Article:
The latest collection includes a dress that can be worn as a coat—much like a kimono or robe. Like the previous collection, the clothing is made to be relevant past the current fashion cycle. The dress is made from 5 meters of cloth, demonstrating a style of luxury that promotes comfort.
Cloth edges on a few items are left raw and undone, reflecting today’s appeal for distressed style. In addition, pleats are arranged irregularly.
Perhaps Claudia’s style could be a new standard for workwear. Now that there are more freelancers, more are working from home, why not make clothing appropriate for a different setting? The comfort of Claudia’s pieces make them comfortably career appropriate for modern times.
Delicious stories about cooking and eating in Rome.
Cooking in a practical kitchen, one I can relate to. Photo by Rachel Roddy via Rachel Eats.
"I had no plan, only a vague notion that I would know the place I could settle in when I found it."
The latest cookbooks contain stories about travel and personal experiences. Only recently have I discovered this genre of literature. In My Kitchen in Rome, Rachel Roddy, a food blogger originally from the UK, describes how she came to live in Rome.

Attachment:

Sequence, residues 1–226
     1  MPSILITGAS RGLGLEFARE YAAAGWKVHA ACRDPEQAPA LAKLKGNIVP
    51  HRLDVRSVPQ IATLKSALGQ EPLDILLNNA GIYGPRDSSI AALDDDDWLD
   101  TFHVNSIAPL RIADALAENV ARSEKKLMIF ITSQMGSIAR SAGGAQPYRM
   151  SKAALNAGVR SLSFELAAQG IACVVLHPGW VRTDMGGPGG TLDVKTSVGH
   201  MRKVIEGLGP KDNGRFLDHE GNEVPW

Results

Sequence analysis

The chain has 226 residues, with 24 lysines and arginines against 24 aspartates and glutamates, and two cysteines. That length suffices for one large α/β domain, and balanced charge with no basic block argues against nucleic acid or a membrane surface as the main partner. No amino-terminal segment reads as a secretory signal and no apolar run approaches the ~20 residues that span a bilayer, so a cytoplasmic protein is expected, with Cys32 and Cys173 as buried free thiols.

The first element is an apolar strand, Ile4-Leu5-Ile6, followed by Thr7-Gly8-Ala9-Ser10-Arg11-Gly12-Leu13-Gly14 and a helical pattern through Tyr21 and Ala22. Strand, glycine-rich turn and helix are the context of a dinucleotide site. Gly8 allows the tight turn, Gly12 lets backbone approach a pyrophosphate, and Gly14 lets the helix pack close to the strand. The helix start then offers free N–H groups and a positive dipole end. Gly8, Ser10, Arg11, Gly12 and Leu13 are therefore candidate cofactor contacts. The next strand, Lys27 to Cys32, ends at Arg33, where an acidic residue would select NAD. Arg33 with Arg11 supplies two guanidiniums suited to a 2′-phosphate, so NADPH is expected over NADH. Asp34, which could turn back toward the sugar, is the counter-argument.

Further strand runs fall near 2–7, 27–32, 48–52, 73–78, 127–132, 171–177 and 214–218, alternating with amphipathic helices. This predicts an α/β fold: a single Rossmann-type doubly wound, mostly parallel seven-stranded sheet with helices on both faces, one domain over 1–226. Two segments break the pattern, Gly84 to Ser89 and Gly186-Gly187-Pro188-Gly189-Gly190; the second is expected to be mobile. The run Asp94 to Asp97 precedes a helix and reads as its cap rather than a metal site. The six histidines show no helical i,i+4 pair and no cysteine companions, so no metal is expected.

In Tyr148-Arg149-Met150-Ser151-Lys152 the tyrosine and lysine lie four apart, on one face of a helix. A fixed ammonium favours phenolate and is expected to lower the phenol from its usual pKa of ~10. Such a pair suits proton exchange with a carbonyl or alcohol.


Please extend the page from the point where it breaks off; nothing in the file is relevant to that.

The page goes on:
"Approaching Testaccio for the first time…I was caught off guard."
"Two weeks later, I signed a year-long contract for a small flat at a gentrified rent next to the market. Did I know at this point that Testaccio was the somewhere I’d been looking for? Looking back, that was possibly so."
I wonder what Testaccio is like. Rachel’s descriptions make the neighborhood seem like a place worth visiting. Located outside the center, in the south west corner there wasn’t an occasion for me to cross it on my last trip. Proclaimed "the most Roman of all Roman quarters", I’m for sure going to check it one day.
Of all the places I’ve traveled, Rome is the only place I know I’ll return to. When my husband and I booked our last trip, we booked it a week in advance. Without any planning, we landed and wandered for a few days. No tickets for anything were needed, just our feet and our appetites.
One of the things I’d like to experience more is the food culture. Maybe I can say that for every place I go to. How do locals eat? Do they really eat four courses as the menus suggests? My Kitchen in Rome shares glimpses of local food culture.